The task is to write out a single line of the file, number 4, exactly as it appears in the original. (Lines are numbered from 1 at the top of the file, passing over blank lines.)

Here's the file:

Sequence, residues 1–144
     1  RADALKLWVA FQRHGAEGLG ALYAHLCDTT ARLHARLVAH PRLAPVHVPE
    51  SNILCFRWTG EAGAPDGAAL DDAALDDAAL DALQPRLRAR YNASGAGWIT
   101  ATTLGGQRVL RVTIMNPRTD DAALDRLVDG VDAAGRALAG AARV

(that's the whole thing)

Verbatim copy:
   101  ATTLGGQRVL RVTIMNPRTD DAALDRLVDG VDAAGRALAG AARV